Let’s Talk About Your Weight

There’s an uncomfortable truth for many individuals to face regarding their health.  Rates of obesity in the USA have increased by an average total of 15% since 1990.  In the majority of states more than 25% of the entire population is obese.  In many more rural states these numbers regularly exceed 35%.  These climbing rates affect a whole host of health issues and have been directly linked to exceptionally slow mortality improvement when compared to other western nations.

America, this is a wake up call.  You’re too fat.

Talking about weight issues is a complex and dicey proposition.  It involves acknowledging human emotions, combating negative and hurtful social stigmas, and risking insult to the person in question.  As a society, we have trended away from confrontation over weight issues and towards acceptance, and even celebration.  While fat-shaming is counter-productive and inhumane, it is likewise so to go to the other extreme.

If you saw someone you knew bloodied and battered, or looking gravely ill, you wouldn’t pretend not to notice and especially not tell them that they look great.  On the other hand, you also wouldn’t rush to judge them for being sick or injured.  You’d compassionately do what you could to help them, including telling them that they appeared ill or injured.  Yet social awareness campaigns dealing with the overweight have been focused around “fat acceptance” and body positivity.  While these goals are worthy as far as mental health is concerned, they are self-destructive to the reality of body health.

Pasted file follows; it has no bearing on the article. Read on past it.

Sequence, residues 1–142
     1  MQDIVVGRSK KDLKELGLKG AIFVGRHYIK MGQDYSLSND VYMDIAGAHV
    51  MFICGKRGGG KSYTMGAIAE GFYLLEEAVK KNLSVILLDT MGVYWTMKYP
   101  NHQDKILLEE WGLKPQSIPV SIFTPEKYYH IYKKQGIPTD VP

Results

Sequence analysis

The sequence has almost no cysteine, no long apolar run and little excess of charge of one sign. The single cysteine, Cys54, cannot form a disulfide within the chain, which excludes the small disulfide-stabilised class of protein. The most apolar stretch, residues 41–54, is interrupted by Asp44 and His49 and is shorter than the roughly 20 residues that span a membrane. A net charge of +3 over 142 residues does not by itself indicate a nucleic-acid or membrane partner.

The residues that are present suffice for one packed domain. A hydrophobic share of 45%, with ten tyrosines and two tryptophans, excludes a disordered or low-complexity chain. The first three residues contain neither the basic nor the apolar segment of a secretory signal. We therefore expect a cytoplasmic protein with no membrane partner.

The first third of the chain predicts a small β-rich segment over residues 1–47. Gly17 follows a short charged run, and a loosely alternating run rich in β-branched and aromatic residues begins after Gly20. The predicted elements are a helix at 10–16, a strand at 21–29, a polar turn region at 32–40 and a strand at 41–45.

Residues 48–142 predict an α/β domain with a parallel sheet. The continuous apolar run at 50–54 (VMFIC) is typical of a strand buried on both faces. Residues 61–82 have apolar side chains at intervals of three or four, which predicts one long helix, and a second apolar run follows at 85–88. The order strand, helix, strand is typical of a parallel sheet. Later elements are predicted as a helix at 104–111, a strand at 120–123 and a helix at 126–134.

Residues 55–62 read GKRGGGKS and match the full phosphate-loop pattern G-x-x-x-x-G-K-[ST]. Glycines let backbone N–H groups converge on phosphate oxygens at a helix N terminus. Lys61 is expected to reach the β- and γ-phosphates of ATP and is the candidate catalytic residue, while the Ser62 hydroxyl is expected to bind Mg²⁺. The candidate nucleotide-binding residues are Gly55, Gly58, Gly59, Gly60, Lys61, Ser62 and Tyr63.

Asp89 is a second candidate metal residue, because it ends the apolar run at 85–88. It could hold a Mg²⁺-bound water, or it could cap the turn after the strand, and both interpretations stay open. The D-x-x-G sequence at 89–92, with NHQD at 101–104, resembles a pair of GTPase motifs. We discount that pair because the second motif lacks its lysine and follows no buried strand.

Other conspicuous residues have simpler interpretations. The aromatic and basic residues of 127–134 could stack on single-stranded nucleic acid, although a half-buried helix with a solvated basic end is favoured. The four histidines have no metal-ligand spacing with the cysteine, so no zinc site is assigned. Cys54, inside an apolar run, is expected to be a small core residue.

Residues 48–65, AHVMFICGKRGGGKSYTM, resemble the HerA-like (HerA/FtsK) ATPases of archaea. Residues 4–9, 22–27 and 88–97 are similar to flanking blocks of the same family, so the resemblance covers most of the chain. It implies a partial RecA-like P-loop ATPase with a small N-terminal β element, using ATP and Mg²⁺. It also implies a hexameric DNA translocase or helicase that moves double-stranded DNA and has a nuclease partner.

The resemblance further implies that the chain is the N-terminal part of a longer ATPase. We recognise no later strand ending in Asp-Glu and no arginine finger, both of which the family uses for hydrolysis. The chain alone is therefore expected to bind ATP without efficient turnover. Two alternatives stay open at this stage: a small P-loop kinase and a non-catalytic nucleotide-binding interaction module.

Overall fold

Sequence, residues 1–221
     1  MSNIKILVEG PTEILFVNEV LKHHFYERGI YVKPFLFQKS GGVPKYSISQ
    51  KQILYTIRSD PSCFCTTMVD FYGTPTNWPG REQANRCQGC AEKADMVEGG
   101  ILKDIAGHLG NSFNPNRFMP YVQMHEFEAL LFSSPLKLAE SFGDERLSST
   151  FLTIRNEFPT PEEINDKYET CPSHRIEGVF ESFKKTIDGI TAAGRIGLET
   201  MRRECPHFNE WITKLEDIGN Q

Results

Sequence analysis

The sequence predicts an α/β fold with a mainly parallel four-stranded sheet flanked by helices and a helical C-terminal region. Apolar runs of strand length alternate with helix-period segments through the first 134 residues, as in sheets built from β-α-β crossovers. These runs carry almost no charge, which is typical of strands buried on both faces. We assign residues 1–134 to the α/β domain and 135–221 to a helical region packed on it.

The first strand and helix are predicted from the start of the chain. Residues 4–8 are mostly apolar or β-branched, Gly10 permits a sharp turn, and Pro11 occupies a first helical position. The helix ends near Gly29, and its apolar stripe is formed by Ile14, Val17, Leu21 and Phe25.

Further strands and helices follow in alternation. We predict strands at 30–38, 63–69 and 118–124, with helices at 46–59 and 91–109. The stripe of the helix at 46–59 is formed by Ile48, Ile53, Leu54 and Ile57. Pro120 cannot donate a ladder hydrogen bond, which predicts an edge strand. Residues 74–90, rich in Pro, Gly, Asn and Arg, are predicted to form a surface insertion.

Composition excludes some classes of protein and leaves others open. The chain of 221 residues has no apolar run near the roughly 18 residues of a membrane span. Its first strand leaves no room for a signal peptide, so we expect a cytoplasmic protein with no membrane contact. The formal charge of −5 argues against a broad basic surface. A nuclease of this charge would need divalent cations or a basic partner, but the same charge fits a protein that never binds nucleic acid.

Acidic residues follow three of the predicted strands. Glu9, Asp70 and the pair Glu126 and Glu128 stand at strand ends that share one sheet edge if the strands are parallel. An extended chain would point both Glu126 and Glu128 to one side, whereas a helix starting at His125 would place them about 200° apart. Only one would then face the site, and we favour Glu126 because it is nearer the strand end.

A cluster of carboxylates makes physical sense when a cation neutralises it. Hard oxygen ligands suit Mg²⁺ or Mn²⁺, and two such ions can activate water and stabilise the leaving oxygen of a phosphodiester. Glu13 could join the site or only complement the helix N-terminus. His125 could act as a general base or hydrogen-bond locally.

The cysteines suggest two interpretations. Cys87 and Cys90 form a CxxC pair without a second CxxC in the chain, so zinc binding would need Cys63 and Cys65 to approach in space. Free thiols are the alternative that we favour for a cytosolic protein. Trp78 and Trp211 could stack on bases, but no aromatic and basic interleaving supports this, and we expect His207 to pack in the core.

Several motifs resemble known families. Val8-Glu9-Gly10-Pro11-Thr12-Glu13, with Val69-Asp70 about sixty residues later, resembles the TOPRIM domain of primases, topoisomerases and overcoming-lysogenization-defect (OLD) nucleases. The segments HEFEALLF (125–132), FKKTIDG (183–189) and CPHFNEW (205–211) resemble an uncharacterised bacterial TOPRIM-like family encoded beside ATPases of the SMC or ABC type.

The statistics around obesity and the many diseases and conditions that are directly tied to it do not lie.  Globally, rates of NAFLD are above 24%.  That’s over 1.8 billion people.  Recent studies have shown rates of progression from NAFLD to NASH and eventually fibrosis as high as 44%.  That’s 800 million people.  In the USA alone, one third of the population or nearly 100 million people has NAFLD, with estimates of NASH prevalence as high as 30 million people.  And most people have no idea that they have either condition.  We must find properly sensitive yet factual ways to address obesity and increase awareness of these dangers.

If you are here seeking out information and reading this blog, it means that you are more educated and aware than the average person regarding the dangers of fatty liver disease and NASH in particular.  With knowledge comes responsibility.  If friends or loved ones are chronically overweight talk to them.  While there are a plethora of risks without even addressing liver disease, there is a lot more information and treatments available for the majority of them.  Even massive heart attacks can be survived today with emergency bypass surgeries and the risks mitigated through pro-active medication.  Late stage NASH leads to sudden and usually completely unexpected liver failure, and there are currently no real treatment options outside of a full liver transplant.  And while recent research has demonstrated that NASH can be more severe based on genetic modifiers, no genetic precursors are necessary for the disease to advance.  What that means is that everyone is susceptible to NASH.

The hard truths cannot be denied.  If you have been overweight for a significant amount of time, you likely already have some form of NAFLD.  Even mildly obese individuals can progress to advanced NASH and fibrosis in as little as six years.  The only solution is to take action to reduce weight, through healthier lifestyle choices.

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